Understanding letf and how it replaces flet31 Aug 2014, by Artur Malabarba.
Common-Lisp in Emacs post series
Once you've come to terms with power of
setf, it is time to meet its
cl-letf. As the name implies,
letf is to
let is to
setq, but, once again, that is only the tip of the
To get started, let's have a variable and require the feature.
When temporarily assigning a value to a variable,
letf is (mostly)
They differs slightly in behaviour when you don't provide a value.
let binds the variable to nil and restores it upon exit (as I'm sure
you know), while
letf preserves the current value and restores it
Of course, that's not where
letf shines. It's when you use place
expressions that it simply blows
let out of the water. Let's take a
simple example using our list.
If you're having trouble reading past the three consecutive
parentheses, this snippet simply takes our list and temporarily
changes its first and fourth elements to
“Alright, but how often is that actually useful?”
It all depends on your creativity. This stackoverflow question
highlights a common issue that came up with the release of Emacs 24.3.
flet (short for function-let) was a macro which locally (and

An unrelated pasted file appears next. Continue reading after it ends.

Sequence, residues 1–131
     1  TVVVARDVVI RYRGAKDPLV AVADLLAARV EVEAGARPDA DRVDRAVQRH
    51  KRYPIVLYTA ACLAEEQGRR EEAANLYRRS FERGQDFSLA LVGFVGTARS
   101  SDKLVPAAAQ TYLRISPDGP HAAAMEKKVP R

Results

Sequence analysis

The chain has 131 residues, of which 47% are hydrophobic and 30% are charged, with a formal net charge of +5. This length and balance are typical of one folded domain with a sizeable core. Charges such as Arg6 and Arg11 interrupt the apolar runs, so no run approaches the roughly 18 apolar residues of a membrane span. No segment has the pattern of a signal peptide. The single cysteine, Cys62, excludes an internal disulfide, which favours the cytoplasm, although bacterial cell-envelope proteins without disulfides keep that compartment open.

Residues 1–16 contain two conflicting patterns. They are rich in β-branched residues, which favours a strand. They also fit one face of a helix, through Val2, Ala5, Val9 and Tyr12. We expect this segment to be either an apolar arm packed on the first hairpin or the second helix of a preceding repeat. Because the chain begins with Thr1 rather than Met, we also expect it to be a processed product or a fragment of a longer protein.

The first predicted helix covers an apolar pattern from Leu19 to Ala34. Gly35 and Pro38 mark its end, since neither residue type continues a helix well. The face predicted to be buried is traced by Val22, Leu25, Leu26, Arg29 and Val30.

dynamically) replaced the function definition associated to given
symbols. This is extremely useful for error testing, but if you try to
use this macro now you'll get following the message.
Warning: `flet' is an obsolete macro (as of 24.3); use either `cl-flet' or `cl-letf'.
cl-flet is not identical to the original
flet—it's lexical, not dynamic.
For instance, the
url-retrieve-synchronously usually prints a
message on the echo area. Now say you want to prevent that, you can
temporarily rebind the
message function to do nothing.
Now do M-x silent-retrieve, and see that it works.
Unfortunately, if you try to be a good coder and replace the obsolete
flet with the recommended
cl-flet, it won't work!
letf as a replacement for flet
The solution I usually see floating around is to employ Nic Ferrier's fantastic noflet package. But I've never seen anyone mention the built-in option, even though Emacs itself tells you to use it: “use either `cl-flet' or `cl-letf'”.
(symbol-function SYMBOL) is a valid place expression. Which
means you can bind it dynamically using
cl-letf. Evaluate the
following defun and call M-x new-silent-retrieve.
It works! No messaging! All that we've done was tell
temporarily replace the
message function with the
(which does the same thing without echoing). We could also use
ignore instead of
format (the latter just happens to have the same
return value as